The poker strategy that allowed us to create a US$1.2 billion company

Tony Hsieh relied on the poker strategy to grow Zappos until he sold it for US$1.2 billion to Amazon. Learn the secrets of their success.

In 2020, revered founder, investor, operator, and incredible human being, Tony Hsieh, died completely unexpectedly at age 46.

He is probably best known as the former CEO of Zappos, the online shoe retailer acquired by Amazon in a $1.2 billion deal in 2009.

His untimely passing was met with great sadness by the tech community, especially those who knew him, including a slew of high-profile founders, former colleagues and VCs.

I was not lucky enough to be in that group, so, to better understand his life and career as a businessman, I decided to order a book that he had written about ten years before.

Its titled Delivering Happiness: A Path to Profits, Passion and Purpose.👇

Delivering Happiness: A Path to Profits, Passion and Purpose, the book by Tony Hsieh

Notably, the book is neither a full autobiography nor a dive into Zappos.

Instead, it is an amalgamation of Tony Hsieh's greatest observations, experiences, and mental models. “to find happiness in business and in life.”

Partly for that reason, it is a short and super digestible read that contains a lot of points and interesting reflections in close succession.

My intention was to summarize the key points of the entire book in this article. But, there's a lot to break down into a logical topic, so I've decided to focus on a short section of the book that's really juicy for founders.

It details a brief period in Tony Hsieh's life in which he took up poker quite seriously.

To the point that he spent intense periods of time studying how to play it, and actively playing it in California card rooms and Las Vegas casinos.

For context, this was after selling his first company LinkExchange to Microsoft in a deal worth $265 million. At that point he had already become an investor and had put money into Zappos, but he was not running it.

Learning the dynamics of what it takes to be a successful poker player became an applicable business framework, which he would later take and use as CEO of Zappos with incredible success.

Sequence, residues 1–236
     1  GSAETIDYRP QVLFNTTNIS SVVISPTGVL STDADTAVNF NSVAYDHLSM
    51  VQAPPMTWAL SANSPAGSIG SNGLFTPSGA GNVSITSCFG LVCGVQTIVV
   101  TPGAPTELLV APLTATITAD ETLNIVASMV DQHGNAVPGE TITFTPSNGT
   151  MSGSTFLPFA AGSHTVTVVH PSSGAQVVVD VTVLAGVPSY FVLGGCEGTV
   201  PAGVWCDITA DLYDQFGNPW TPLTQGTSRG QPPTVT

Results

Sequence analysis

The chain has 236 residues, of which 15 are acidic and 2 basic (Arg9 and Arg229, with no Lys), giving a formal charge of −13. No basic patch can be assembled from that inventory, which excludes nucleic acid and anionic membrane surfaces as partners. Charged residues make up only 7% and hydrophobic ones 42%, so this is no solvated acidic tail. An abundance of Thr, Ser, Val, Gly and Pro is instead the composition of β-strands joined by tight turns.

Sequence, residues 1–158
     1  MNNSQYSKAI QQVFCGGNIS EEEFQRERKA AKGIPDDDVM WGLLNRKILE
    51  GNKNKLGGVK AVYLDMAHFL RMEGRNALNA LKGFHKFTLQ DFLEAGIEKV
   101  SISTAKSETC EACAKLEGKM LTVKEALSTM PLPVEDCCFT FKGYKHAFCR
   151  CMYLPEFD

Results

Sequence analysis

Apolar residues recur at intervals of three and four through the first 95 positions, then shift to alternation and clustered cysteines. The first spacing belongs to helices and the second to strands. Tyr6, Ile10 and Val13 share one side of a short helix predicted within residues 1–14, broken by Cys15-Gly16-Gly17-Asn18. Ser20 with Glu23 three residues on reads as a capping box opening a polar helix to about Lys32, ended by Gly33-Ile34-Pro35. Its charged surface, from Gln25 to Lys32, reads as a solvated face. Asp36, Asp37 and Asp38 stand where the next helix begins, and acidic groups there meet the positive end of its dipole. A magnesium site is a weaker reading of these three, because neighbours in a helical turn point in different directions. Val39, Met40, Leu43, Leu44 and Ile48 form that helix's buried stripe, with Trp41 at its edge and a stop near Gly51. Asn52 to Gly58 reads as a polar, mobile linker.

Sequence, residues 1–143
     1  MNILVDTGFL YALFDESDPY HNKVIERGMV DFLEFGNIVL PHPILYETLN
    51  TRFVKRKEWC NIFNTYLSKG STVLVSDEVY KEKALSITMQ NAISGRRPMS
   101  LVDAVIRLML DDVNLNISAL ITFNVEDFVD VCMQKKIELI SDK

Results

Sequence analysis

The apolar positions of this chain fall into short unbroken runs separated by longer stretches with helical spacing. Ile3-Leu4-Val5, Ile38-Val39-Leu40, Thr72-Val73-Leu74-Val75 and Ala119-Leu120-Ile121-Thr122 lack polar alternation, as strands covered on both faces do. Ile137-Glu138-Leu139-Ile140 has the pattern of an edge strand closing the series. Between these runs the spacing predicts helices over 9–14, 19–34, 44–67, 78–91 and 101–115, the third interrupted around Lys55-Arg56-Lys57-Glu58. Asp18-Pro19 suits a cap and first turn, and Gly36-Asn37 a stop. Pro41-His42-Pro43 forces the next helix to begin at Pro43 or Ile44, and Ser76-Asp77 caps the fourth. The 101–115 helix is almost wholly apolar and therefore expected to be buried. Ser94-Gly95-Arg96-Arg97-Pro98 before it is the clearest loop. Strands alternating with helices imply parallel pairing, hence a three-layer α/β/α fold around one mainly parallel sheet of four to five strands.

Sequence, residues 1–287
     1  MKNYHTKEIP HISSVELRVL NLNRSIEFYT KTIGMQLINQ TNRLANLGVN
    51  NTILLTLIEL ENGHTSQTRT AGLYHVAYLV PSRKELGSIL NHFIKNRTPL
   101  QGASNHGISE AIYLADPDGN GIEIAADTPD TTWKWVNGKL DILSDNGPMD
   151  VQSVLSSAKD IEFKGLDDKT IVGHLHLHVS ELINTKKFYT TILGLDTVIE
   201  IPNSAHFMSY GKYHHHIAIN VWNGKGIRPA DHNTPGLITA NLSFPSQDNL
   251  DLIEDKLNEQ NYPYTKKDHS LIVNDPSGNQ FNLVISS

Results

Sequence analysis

“I began to notice similarities between what was a good poker strategy and what was a good business strategy, especially when thinking about the separation between short-term thinking (like focusing on whether I won or lost an individual hand) and short-term thinking. long term (like making sure you had the right decision strategy)»

Tony Hsieh

In his other words, the “discipline of not confusing the correct decision with the individual result of any hand”.

In poker, there is a mathematically optimal way to play that gives you a huge long-term winning advantage if you stick to it over those who don't.

However, you can lose in the short term in individual hands or games, because there is an element of chance (the deal of cards) and other external factors involved.

Players who stick to their optimal mathematical decision strategy will win in the long term versus short-term players who spontaneously adjust their decision logic based on the results of each hand or game.

Because? Short-term gamblers do not play the odds holistically and optimally, but instead base their decisions on losing events that are not statistically significant in isolation.

They mistakenly conclude that their decision logic must be flawed if they have lost, and consequently overvalue the importance of individual incidents of loss in their strategy going forward.

Just like in real business life, you can't always win in poker. Chance that cannot be controlled is included in the rules of the game.

A long-term decision strategy accepts that there will occasionally be short-term losses, but that's okay because this uncertainty is built into the model. You can earn on average in the long term: months, years, decades.